PORT Stephens Council has installed siltation fencing around a stockpile of soil and debris dumped at the Salt Ash equestrian complex amid community concerns about possible contamination.
Also read: Fears grow over BMX track soil
An estimated 2000 tonnes of material was dumped at the site by the council for the purpose of building a BMX track.
Since the dumping in August, serious concerns have been raised by equestrian club members and councillors Geoff Dingle and Peter Kafer about the possibility of contamination.
A council spokesman this week confirmed to the Examiner that about 98 per cent of the soil had come from Medowie's Peppertree Road, which was independently confirmed to be uncontaminated.
"The remainder is road base mixed with concrete and asphaltic concrete relocated from Salt Ash Hall," he said.
"While it was delivered to site without testing, it is referred to in the original assessment from Cardno Geotech Specialists as bitumen and gravel. There is no evidence of acid sulfate soil and Cardno is undertaking further formal assessment to confirm this."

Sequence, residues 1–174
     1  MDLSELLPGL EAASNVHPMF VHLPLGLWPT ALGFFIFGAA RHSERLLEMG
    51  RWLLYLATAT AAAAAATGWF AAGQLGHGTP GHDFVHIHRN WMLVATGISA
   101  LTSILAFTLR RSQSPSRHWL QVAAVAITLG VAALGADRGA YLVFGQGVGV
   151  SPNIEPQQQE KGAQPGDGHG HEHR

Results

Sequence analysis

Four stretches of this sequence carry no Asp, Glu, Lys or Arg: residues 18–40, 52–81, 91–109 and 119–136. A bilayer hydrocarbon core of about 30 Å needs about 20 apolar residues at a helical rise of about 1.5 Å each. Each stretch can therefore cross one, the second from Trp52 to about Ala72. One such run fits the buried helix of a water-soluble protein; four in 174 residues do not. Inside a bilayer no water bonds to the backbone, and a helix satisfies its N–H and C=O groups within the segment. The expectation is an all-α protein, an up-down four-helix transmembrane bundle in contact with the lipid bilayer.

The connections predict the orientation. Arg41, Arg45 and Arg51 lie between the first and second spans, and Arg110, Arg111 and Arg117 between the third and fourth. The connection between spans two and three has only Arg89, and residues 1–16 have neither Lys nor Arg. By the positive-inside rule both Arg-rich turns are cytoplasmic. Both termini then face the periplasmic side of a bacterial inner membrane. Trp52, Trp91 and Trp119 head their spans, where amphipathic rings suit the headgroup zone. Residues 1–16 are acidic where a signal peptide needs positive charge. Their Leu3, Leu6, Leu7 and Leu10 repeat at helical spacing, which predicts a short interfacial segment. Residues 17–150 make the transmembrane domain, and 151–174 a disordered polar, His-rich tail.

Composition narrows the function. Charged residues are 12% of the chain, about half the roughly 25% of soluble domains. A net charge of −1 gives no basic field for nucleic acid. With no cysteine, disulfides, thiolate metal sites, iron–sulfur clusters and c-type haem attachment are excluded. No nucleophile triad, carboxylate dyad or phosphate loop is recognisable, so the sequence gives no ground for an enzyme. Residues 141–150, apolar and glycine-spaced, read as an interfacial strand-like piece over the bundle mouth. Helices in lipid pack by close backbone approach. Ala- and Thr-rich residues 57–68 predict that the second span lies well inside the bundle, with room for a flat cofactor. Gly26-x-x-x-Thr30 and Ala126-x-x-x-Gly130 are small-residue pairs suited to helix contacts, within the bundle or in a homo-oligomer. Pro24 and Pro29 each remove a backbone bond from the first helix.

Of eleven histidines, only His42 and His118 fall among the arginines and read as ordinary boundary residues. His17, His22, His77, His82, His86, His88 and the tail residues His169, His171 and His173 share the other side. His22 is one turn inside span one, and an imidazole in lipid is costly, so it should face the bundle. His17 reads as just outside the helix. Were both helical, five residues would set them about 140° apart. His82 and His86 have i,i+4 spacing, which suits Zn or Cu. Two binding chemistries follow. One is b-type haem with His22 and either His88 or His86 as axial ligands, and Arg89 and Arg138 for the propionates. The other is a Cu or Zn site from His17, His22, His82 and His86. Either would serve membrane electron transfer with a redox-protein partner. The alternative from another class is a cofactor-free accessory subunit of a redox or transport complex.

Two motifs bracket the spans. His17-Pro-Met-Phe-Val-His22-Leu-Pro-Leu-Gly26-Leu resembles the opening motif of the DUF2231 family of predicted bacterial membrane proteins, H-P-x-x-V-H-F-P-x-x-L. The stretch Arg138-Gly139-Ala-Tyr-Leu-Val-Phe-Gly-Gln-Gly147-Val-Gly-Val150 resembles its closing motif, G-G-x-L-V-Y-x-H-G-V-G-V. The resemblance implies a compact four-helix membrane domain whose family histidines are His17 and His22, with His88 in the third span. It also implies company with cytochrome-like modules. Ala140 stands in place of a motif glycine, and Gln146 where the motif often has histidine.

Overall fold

The spokesman said that fencing around the stockpiles was an extra control measure to ensure the material stayed in place during heavy rainfall or other disturbance.
At the October 27 council meeting, a last minute bid to shift the BMX track away from the Salt Ash complex to a more safety-friendly location failed.
In a public address, pony club spokeswoman Kim Buresti referred to having horses near bike riders as a "recipe for disaster".
"The pony club members are not against a BMX track. We are concerned about the risk element and we are concerned about the potential for damage and vandalism."
A notice of motion to approve the development application was passed seven votes to three with supporters citing other multi-use council facilities as examples where horses and sport can mix.